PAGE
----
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They’re running the Suburban Handicap at Belmont Park this Fourth of July. It is a classic that has been staged almost every year since 1884. Some of the great names in racing have worn its crown: Dr Fager, Buckpasser, Skip Away, Kelso (twice) and the mighty Forego.
I remember Forego vividly. It was 1976. I was standing in the Belmont shedrow outside Frank Whiteley’s barn watching the giant bay gelding by Forli get a new set of steel shoes from a big-boned man, name of Jarbo. Forego was the biggest kid on the block and he had a temper. Jarbo almost matched him in size. The low morning sun bounced off the leather apron as the farrier went about his task, carefully, his large hands working the hammer and nails. All the other kids wore aluminum shoes, but not Forego. He would have shredded them in a country minute.
Whiteley, his third trainer, was a man of few words, crabby at times just like his horse. Forego had bad legs and carried enormous weight on his back, saddle cloths bulging with lead, so in the eyes of the racing authorities the others would at least have a fighting chance. It looked like a formula for disaster. But time after time Forego proved his mettle. He was Horse of the Year from 1974 through 1976, and almost as popular in his way as Secretariat, except that he would bite you in a nanosecond if you got too close. His record as a 4-year-old is unmatched for its versatility. In addition to Horse of the Year, he was Champion Handicap Horse and Champion Sprinter. He retired with a record of 34 wins from 57 starts.
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As his reputation grew, he became almost strictly a New York horse, giving the fans continuity as he raced into his eighth year. And he was as tough as Jarbo’s nails. “They were good to him. They loved him.” That was his trainer talking. “He always give ‘em a good performance, give ‘em their money’s worth.”
The broadcaster Heywood Hale Broun said, “New Yorkers liked that idea of the great rush at the end. Forego was the one who did things dramatically. The glamour of handicap racing arises from that old racing saying that weight would stop a freight train and people would come out to see whether, in fact, a freight train like Forego could be stopped.”
What follows are interviews I did with owner Martha Gerry, jockey Bill Shoemaker, trainer Whiteley and Woodie Broun for a profile that appeared on the CBS News program “Sunday Morning.” Most of their comments from my transcripts are being seen for the first time. They are all deceased.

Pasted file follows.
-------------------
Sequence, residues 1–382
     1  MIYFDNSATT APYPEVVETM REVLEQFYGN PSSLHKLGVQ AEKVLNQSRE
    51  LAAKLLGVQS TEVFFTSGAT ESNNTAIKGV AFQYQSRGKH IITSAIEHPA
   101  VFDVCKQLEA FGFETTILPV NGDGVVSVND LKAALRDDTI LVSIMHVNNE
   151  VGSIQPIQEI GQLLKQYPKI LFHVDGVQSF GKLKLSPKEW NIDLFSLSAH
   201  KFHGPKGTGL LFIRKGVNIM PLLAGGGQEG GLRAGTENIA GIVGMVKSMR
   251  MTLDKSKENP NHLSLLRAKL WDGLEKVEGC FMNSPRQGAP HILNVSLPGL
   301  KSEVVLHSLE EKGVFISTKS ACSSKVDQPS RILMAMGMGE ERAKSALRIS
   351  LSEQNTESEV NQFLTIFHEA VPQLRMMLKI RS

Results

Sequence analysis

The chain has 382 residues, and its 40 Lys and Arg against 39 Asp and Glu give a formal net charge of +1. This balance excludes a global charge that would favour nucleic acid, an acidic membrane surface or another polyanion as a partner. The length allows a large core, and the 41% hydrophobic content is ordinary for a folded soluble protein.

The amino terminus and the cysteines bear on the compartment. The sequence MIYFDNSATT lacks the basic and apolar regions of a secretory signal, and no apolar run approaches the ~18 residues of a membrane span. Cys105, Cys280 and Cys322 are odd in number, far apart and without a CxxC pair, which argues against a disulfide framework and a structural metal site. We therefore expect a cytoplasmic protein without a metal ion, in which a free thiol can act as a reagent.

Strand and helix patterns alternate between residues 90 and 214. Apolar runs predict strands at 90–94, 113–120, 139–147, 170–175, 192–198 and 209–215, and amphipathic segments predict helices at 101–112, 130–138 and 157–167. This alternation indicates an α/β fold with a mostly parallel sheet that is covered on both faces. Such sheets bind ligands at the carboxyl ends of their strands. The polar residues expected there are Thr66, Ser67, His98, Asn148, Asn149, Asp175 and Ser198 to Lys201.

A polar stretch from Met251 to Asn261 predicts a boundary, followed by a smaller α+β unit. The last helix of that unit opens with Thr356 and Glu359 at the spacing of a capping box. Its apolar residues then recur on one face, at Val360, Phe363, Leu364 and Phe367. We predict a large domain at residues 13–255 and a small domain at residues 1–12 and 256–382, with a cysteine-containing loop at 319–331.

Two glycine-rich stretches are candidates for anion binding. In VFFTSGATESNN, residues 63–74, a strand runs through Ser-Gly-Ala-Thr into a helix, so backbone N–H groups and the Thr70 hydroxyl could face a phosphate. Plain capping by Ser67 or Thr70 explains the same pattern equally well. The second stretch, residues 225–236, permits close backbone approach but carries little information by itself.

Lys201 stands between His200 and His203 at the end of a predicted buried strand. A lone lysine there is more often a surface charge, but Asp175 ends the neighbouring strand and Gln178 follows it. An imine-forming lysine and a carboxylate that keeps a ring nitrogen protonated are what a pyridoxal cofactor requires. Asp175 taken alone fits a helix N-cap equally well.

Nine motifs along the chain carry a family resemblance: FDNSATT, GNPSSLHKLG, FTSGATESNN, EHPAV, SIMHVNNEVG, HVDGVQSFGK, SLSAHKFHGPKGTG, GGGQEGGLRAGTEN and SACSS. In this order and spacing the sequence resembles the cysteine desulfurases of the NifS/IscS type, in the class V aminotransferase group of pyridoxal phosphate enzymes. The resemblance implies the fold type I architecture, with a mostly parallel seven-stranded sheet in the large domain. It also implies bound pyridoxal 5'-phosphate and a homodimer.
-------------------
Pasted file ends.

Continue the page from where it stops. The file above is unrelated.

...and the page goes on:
The year was 1997. I went down to visit Whiteley in Camden, S.C., where he was living in retirement on his farm. I asked him what it was like to train this huge gelding who ran on matchstick legs. “He was pretty ornery … He’d actually hurt you when he got real fit and if he had a chance he would … but he must have had a big heart because he run on courage – courage and heart.” And what was the talk like on the backside? “They wondered about him, when he was going to break down.”
Trainer Frank Whiteley and owner Martha Gerry worried about the hefty imposts Forego carried
Whiteley was in a constant fuss with the racing secretaries, who kept piling weight on his star’s back. “I resented it but there was not a whole lot I could say. If I wanted to run, I had to carry it.” So, he devised a homegrown formula for the leg problems: cold water on the legs for long stretches of time. “He did not like it. He had the hose on him for many an hour. Used to run three hoses on him sometimes on three bad legs.” Wags used to call it “Whiteley’s Puddle.”
I asked him what his biggest fear was. “Every time I run him … having to haul him off in the horse ambulance.”
Whiteley was no stranger to tragedy. He was the trainer of Ruffian, the “sweetheart of America” who, in 1975, snapped her leg in a celebrated match race at Belmont and was later euthanized. Shortly thereafter, he was tapped to be Forego’s boss.
“A lot of trainers stand them in ice water, but Frank thought the running water was better. But he could carry the weight, which just doesn’t happen anymore.” That was owner Martha Gerry, who bred Forego in the name of her Lazy F Ranch.